Physicist Thyrso Villela Neto, a researcher at the Brazilian National Institute for Space Research (INPE), was presented last July 19 with a Santos-Dumont Medal of Merit for outstanding services to the Brazilian Air Force, in a ceremony at the Department of Aerospace Science and Technology (DCTA), in São José dos Campos, southeastern Brazil. The medal was a posthumous tribute to his great-grandfather, Marcos Evangelista da Costa Villela Júnior (1875–1965), the first senior aviator in the Brazilian Army and the first military officer to rise to the rank of brigadier general in the Air Force. Villela Júnior built two airplanes—the Aribu, which flew in 1917, and the Alagoas, in 1918—initially with money out of his own pocket and later with support from the Army.
“They were the first military aircraft ever built in Brazil,” says reserve lieutenant Mauro Vicente Sales, who is also a historian and works as a public-school teacher in Rio de Janeiro. The two aircraft demonstrated the feasibility of developing and building aircraft locally in Brazil, and gave momentum to the idea of creating an Air Force, which would be formally established in 1941.
Born on a quiet street in the municipality of Pão de Açucar, northeastern Brazil, with a present-day population of around 25,000 people, then lieutenant Villela enjoyed assembling French airplanes at the Army’s cartridge and war materials manufacturing facility in the district of Realengo, Rio de Janeiro. He was not alone in his enthusiasm over the recent feats of Brazilian aviation pioneer Alberto Santos-Dumont (1873–1932), who had built his own planes in Paris.
In Osasco, then a district of São Paulo, an airplane named after the city, designed and built by the Spanish-born Brazilian industrialist Dimitri Sensaud de Lavaud (1882–1947) and Italian mechanic Lourenço de Pellegatti (1891–1976), similar in design to the French Blériot monoplane, and fitted with a French engine, had successfully taken flight in 1910.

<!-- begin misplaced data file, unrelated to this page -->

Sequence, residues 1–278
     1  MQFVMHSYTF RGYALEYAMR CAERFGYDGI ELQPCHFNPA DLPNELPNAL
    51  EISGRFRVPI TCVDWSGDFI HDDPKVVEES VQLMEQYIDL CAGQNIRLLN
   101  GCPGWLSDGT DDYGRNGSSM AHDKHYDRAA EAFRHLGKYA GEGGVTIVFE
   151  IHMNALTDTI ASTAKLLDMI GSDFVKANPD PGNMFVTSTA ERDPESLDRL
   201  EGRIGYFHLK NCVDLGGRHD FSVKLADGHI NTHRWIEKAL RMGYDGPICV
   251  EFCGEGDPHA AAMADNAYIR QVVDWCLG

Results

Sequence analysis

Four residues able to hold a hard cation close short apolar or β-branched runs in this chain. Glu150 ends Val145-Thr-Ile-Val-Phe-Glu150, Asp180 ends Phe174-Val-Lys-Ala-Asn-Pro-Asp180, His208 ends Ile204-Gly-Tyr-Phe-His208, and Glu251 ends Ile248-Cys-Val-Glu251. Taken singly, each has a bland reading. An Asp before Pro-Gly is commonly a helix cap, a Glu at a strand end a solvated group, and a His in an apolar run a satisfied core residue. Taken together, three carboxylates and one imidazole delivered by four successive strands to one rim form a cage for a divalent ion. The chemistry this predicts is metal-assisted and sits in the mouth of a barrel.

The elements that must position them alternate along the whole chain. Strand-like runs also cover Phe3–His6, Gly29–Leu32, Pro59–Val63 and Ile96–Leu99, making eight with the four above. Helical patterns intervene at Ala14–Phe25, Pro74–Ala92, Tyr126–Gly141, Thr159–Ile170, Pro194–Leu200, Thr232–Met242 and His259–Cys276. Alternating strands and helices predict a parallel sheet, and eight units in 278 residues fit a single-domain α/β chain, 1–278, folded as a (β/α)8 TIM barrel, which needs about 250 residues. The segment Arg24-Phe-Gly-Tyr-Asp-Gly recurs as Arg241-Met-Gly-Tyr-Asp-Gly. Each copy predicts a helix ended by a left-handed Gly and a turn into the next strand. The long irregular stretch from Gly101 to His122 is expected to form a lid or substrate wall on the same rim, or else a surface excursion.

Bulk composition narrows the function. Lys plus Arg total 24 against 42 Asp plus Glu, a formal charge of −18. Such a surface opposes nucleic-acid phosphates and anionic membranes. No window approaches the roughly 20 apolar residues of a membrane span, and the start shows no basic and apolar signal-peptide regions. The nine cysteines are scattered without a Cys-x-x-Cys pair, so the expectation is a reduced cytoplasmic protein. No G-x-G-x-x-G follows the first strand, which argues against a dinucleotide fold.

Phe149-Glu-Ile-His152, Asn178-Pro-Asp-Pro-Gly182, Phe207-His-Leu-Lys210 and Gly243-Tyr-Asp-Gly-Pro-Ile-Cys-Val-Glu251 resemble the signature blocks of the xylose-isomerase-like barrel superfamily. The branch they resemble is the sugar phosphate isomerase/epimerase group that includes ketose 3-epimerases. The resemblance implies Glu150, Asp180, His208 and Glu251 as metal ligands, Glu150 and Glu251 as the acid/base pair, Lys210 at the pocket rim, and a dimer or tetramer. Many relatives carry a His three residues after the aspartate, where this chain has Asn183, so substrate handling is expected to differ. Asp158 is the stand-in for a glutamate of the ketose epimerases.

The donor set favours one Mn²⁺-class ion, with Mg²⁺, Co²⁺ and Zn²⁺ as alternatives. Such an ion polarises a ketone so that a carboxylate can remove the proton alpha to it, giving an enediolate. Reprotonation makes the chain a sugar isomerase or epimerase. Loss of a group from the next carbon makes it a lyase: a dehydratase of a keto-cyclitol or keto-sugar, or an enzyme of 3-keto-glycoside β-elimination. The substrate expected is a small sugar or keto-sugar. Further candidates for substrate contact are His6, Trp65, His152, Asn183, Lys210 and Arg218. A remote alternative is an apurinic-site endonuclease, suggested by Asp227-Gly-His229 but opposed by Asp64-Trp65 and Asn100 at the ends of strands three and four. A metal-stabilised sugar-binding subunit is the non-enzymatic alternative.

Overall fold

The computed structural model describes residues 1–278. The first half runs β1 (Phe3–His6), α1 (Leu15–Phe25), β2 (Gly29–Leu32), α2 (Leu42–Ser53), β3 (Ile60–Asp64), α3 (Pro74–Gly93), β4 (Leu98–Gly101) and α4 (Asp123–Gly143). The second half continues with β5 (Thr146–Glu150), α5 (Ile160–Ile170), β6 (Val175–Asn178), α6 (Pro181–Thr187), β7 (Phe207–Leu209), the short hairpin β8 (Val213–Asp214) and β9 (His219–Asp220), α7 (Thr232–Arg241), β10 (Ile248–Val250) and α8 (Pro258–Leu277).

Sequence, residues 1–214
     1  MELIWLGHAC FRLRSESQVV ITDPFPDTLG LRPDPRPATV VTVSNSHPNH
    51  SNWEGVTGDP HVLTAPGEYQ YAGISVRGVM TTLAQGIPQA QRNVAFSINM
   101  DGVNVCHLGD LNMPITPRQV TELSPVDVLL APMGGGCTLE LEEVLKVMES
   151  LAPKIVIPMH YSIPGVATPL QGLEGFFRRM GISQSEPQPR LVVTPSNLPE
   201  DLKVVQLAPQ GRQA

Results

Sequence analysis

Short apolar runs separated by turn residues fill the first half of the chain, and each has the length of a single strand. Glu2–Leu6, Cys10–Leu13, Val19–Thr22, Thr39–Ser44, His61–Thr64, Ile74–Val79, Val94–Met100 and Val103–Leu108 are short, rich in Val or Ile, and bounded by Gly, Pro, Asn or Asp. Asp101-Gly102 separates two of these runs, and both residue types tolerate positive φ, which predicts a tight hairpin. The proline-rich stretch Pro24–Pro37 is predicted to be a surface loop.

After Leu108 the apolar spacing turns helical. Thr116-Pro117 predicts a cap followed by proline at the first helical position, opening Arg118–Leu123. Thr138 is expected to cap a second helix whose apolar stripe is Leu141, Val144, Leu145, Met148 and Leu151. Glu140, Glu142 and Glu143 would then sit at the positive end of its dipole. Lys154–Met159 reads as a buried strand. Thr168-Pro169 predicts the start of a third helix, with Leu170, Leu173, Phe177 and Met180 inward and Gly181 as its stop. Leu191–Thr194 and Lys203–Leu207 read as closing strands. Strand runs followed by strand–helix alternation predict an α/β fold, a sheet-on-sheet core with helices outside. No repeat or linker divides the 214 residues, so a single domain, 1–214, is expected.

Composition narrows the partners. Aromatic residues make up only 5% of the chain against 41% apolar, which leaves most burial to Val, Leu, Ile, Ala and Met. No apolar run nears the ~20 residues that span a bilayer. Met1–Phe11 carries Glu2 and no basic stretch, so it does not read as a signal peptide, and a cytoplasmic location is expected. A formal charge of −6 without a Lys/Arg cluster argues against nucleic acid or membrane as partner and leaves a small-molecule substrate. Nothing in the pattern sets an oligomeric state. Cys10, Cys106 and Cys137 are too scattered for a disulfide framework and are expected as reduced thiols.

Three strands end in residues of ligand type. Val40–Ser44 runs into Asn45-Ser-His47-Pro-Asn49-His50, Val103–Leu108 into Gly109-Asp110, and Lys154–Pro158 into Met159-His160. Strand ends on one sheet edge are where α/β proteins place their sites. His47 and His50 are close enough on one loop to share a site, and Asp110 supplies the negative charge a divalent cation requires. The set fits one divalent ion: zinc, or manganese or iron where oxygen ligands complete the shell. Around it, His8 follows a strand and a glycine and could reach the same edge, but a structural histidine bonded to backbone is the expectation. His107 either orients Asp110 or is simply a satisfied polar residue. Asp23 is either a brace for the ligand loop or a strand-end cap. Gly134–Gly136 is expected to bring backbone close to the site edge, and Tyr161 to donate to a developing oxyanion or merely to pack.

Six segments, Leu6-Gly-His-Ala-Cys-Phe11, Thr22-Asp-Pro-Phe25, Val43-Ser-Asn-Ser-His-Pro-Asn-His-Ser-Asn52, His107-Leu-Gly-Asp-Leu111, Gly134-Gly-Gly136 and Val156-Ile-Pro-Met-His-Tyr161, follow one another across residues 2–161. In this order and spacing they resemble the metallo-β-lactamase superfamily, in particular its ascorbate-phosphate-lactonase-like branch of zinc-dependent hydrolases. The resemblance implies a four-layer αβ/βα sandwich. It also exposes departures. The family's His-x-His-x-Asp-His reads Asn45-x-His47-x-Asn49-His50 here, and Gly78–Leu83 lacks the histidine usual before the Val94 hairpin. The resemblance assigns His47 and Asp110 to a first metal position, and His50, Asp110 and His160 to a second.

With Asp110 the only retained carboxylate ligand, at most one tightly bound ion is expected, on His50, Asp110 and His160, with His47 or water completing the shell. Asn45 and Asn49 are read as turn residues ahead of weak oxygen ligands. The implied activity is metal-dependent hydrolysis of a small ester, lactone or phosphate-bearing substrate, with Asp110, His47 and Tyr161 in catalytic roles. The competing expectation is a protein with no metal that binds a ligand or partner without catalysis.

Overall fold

In 1914, Brazilian Eduardo Pacheco Chaves (1887–1975) completed the first nonstop flight between São Paulo and Rio in six and a half hours, aboard a Blériot. But these, unlike Villela Júnior’s project, were isolated and independent initiatives.
In 1912, he presented his design to the war minister, Vespasiano Gonçalves de Albuquerque e Silva (1852–1924), hoping to secure funding. He was unsuccessful, but not defeated. He mortgaged his house and began testing locally available timber to make propellers, on a property in Realengo. At a factory in Sapopemba, the present-day district of Deodoro, he developed a high-strength cotton fabric to cover the fuselage; he also formulated the varnish used to coat the plane. “He made everything himself,” says his great-grandson, Villela Neto. In his earlier work in aviation, he rebuilt a Blériot and installed a propeller that he had made on a navy airplane used for aerial recognizance.
An article published in the newspaper A Noite on July 24, 1914, under the headline “Brazilian officer introduces extensive aircraft modifications, creates entirely new aircraft,” described a number of his innovations, which included shortening and vertically enlarging the fuselage—the airplane’s body—to reduce roll and improve stability, and positioning the pilot seat below the wings for increased visibility. The wing spar was curved and a third of the wing was flapped to facilitate maneuvering and prevent skidding. His design seated three crew members (the pilot, an observer, and a mechanic or gunner) and featured side pockets for ammunitions.
The first prototype, made of Ingarana wood (Abarema jupunba), was christened Aribu, a name resembling the Portuguese word for buzzard (urubu)—the aircraft’s builder said he enjoyed watching buzzards fly as a child. Measuring 4.8 meters (m) in length, 8.4 m in wingspan, and 2.4 m in height, the Aribu was powered by a French 5-cylinder, 50-horsepower rotary engine. It made its maiden flight on April 16, 1917 in a field in Santa Cruz, flown by Lieutenant Raul Vieira de Mello (1884–1936), who also drafted the plans for the plane. The successful flight won Villela Júnior support from the new war minister, General José Caetano de Faria (1855–1936). He was given access to Army facilities and equipment, and soon built the Alagoas, which Villela Neto estimates was larger than the Aribu.